Doing Business in ASEAN
Updated: Jun 2, 2021
Viet Thai Consulting Group
Div of Emu Plastics Canada Inc.
So you are now looking at SE Asia. With the last few years of US / China tension it is time to look outside of China. Southeast Asia is and has been for the last few years a significant emerging economy. Multinationals and investors are turning to the region with increasing investments. There is massive potential in the region as a manufacturing and export hub for your business. There are however some things you need to consider. There is an advantage from lower cost labour vs. China, easy access to ports and airports and there is increasing spending power of the middle class with a very significant population of Southeast Asia, which is about 674 million (2021).
The plus side is low cost labour, a large and stable workforce, easy access to ports, low cost resources such as electricity and some raw materials. That is great however there are and there will continue to be “surprises”. For many of our western companies and management staff who are used to reasonably straightforward legal and business practices in Canada, the USA, the UK, Australia and Singapore, doing business in Southeast Asia is going to be quite different and can derail the best of plans.
The first and one item we cannot say enough about is that the Asean group of countries is comprised of ten (10) member states. All of these have distinct languages, rules for foreign investments, etc. and you must be prepared to deal with different regional and local laws, intellectual property rights, employment laws, dispute/legal systems etc. There is also, depending on country and industry a significant risk of corruption and bribery. SE Asia is not all the same, as dealing in Europe is not all the same. Similarities exist but there are always those surprises which in business can affect our bottom lines dramatically.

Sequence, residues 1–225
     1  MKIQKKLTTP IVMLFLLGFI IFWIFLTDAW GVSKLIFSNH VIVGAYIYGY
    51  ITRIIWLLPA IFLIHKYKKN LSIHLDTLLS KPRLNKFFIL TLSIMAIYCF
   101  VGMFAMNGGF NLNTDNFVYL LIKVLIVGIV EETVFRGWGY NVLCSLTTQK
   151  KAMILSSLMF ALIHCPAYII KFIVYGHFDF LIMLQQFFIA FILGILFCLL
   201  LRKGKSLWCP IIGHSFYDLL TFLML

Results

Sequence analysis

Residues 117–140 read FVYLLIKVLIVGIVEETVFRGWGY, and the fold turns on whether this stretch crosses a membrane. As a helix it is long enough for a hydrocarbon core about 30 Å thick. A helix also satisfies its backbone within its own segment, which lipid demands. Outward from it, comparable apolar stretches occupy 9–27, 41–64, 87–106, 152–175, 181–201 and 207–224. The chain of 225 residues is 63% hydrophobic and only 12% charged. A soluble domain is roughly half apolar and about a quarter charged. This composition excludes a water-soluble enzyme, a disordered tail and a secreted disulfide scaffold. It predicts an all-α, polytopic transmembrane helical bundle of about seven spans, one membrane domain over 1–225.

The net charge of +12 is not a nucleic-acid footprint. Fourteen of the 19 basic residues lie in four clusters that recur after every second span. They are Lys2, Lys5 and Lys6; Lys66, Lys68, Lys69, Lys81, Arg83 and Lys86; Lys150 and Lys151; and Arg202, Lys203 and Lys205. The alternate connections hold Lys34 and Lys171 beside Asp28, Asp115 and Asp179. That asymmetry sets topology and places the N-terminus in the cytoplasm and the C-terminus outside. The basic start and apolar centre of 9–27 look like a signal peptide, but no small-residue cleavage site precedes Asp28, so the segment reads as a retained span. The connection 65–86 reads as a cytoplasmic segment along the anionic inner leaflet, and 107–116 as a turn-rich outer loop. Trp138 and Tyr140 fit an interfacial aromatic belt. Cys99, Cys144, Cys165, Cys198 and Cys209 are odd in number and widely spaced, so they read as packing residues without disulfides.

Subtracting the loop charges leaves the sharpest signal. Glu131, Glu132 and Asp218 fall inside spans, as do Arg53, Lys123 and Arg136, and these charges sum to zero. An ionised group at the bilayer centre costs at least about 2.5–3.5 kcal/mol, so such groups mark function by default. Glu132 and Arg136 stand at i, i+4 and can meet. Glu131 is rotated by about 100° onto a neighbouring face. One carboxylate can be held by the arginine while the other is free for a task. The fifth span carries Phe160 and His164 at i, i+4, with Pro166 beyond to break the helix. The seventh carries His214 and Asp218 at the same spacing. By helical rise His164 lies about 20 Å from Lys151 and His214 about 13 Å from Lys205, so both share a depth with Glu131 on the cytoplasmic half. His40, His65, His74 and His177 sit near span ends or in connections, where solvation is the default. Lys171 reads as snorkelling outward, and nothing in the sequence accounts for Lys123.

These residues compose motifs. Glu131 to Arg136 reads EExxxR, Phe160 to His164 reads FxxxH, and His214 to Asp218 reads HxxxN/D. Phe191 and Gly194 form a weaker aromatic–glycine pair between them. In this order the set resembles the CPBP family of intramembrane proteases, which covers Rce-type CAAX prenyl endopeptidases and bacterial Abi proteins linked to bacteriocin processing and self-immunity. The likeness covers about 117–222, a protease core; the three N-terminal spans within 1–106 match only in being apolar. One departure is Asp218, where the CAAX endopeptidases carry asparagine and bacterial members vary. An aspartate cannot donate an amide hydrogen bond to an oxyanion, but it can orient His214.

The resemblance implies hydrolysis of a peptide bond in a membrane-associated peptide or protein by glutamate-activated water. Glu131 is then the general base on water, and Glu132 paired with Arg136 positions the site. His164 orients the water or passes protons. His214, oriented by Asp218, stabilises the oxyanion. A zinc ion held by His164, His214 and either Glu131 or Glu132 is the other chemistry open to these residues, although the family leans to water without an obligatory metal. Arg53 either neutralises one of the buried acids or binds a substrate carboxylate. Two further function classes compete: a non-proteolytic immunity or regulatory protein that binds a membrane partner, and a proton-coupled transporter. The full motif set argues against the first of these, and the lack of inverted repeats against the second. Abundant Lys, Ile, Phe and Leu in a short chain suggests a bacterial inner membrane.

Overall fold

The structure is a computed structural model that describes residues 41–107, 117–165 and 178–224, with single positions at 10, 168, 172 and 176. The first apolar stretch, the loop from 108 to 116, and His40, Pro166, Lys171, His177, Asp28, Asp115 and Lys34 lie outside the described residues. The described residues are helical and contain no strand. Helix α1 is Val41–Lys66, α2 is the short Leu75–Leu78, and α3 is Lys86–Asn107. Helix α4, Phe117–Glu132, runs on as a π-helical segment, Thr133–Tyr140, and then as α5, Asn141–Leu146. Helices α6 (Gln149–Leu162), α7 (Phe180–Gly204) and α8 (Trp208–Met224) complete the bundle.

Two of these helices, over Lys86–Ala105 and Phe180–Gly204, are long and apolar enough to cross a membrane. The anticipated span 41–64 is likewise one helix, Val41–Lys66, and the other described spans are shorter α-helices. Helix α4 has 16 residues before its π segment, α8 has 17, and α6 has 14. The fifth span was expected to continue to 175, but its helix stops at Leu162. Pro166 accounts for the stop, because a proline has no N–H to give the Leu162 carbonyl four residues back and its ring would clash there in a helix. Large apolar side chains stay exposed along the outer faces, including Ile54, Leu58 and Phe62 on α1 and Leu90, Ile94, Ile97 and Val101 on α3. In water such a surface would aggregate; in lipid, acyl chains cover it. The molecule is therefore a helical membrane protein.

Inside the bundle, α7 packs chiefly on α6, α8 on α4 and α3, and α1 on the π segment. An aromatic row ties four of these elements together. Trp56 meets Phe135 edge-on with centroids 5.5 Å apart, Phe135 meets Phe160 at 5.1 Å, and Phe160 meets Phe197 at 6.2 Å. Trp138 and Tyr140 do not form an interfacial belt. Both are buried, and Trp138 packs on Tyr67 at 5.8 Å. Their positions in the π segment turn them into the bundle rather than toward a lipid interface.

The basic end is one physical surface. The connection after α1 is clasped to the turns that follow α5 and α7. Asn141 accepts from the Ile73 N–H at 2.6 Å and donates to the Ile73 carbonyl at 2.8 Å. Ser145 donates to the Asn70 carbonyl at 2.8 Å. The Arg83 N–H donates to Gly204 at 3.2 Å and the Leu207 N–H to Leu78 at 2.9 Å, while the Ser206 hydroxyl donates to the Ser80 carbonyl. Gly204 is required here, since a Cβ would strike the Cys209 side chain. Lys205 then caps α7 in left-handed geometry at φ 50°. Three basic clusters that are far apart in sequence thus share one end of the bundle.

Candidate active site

The investment in countries varies. In countries such as Cambodia, Vietnam and the Philippines there are restrictions on foreign direct investment (FDI). These countries require international firms to have local partners as well as local shareholders. You will also encounter trade sanctions and intercountry trade restrictions which, although there is a recent ASEAN trade agreement, still has many “bumps in the road” to allow free and easy movement of goods and more importantly people and talent between countries.
Talk to us. The Viet Thai Consulting Group has local talent and western talent with staff from Europe and Americas as well as local staff with international experience. We can help navigate the path to ASEAN and assist you to
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